Data Interpretation: Basics

Data Interpretation or DI refers to the implementation of procedures through which data is reviewed for the purpose of arriving at an inference. Data can be obtained from multiple sources e.g. data from running of industries, census population data etc. Interpreting data requires analyzing data to infer information from it in order to answer questions. Data can be provided in a number of formats viz: Bars, tables, line graphs, pie graphs.

Let us study more about them-

Bar Graphs:
A bar graph or bar chart represents explicit data with rectangular bars. The heights and lengths of these bar graphs are proportional to the values of data they represent. There are two types of bar graph, one is called horizontal bar graph and other is called vertical bar graph. The important thing to remember is that the longer the bar, the greater its value. Bar graphs made up of two axis, one is called x- axis and other is called y- axis. In a horizontal bar graph, y-axis shows the data categories and x- axis shows the scale. In vertical bar graph, x-axis shows the data categories and y-axis shows the scale. In a nutshell, we can compare easily different sets of data between different groups with the help of bar graph.
Tables:
In tables, data is described in the form of rows and columns. In DI table's questions, we are required to read data from table/tables analyze the data and answer the questions asked on the basis of the given data.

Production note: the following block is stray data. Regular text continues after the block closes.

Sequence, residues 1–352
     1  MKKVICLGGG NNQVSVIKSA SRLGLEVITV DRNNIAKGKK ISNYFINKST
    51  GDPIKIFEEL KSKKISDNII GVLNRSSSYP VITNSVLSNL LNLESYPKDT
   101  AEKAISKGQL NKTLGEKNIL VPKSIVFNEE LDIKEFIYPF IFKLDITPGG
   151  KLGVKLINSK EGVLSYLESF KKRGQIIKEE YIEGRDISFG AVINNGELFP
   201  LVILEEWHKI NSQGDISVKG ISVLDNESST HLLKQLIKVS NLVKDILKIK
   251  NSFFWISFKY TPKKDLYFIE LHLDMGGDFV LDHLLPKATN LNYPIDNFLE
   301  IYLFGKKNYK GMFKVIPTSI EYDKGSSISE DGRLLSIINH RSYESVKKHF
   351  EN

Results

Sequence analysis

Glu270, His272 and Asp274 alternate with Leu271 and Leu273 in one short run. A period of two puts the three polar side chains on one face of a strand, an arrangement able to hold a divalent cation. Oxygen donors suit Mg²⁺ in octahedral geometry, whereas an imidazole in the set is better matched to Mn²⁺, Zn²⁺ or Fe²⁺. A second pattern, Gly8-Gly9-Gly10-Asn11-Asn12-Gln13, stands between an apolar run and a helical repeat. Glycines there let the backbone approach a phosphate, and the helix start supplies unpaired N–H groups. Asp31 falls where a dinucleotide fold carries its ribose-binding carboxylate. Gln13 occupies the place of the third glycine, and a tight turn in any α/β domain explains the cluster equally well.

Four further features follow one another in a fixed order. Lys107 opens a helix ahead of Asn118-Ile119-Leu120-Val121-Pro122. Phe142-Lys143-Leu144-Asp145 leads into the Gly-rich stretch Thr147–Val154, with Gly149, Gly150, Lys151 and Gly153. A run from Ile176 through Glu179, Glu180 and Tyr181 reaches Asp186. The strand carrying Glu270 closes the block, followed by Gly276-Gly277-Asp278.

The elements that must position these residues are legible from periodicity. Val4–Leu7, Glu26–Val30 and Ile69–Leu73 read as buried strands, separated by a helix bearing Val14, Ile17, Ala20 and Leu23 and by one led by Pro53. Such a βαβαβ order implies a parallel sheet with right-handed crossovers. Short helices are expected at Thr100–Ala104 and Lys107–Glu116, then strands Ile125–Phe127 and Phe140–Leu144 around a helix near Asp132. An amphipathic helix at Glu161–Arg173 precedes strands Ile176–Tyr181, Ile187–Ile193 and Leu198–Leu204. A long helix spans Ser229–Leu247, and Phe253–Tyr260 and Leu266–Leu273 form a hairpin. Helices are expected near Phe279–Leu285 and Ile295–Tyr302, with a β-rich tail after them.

What is represented in a Data Interpretation Table?
DI Questions based on Tables are very common in competitive exams. Rows and Columns of tables consist of various types of data like income of company, expenditure on various items, and marks of Applicants and so on. First column and row of tables represent the titles. Level of Questions in Tables may be lower or higher in comparison of other graphs form, depending on given data in the table and the way,questions are framed.
Line Graphs:
A line graph basically is used to visualize values over a certain time period. It is basically used to change over time as various points of data connected by straight line on two axes. It helps to determine the relationship between two sets of values; and also one data set is always dependent on the other set. In many competitive exams, you will see various questions based on line chart problems, in which you are supposed to analyze the data and then answer them.
Pie Charts:
Pie charts are circular shaped graphs which are divided into sectors to represent numerical proportions. In a pie chart, the central angle of a particular sector is proportional to the quantity it represents. In other words, we can say a Pie Chart resembles a Pie in which a circle is cut in various sized sectors from center to the boundary. In simple words, the bigger the sector, the higher the proportion.
Let us understand DI better with the help of few examples click here